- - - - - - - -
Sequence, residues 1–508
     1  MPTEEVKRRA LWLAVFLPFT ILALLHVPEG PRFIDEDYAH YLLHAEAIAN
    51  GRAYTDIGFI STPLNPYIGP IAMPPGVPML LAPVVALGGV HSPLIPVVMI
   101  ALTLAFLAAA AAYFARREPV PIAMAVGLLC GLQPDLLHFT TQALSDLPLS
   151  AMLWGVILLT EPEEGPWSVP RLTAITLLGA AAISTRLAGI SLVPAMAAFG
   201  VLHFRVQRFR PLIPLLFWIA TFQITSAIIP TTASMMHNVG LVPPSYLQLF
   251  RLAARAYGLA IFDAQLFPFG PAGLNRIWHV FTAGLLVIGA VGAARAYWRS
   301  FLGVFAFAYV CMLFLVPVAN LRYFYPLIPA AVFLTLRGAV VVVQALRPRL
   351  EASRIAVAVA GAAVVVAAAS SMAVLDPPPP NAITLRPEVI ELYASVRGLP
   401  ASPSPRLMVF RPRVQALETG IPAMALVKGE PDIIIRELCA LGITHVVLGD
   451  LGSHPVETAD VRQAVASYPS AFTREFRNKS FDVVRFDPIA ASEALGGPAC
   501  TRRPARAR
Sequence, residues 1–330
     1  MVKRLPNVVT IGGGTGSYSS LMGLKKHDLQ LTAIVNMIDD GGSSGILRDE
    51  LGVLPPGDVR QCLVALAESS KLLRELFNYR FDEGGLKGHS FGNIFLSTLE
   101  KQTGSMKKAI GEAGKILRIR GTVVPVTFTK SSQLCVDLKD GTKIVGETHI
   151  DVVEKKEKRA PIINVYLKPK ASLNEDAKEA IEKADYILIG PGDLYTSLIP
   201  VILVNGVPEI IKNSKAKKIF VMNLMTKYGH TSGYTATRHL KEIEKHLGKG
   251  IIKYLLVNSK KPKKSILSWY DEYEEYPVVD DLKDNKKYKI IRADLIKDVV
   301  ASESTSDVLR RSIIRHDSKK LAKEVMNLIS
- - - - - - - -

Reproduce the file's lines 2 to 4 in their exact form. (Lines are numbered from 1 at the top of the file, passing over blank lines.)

     1  MPTEEVKRRA LWLAVFLPFT ILALLHVPEG PRFIDEDYAH YLLHAEAIAN
    51  GRAYTDIGFI STPLNPYIGP IAMPPGVPML LAPVVALGGV HSPLIPVVMI
   101  ALTLAFLAAA AAYFARREPV PIAMAVGLLC GLQPDLLHFT TQALSDLPLS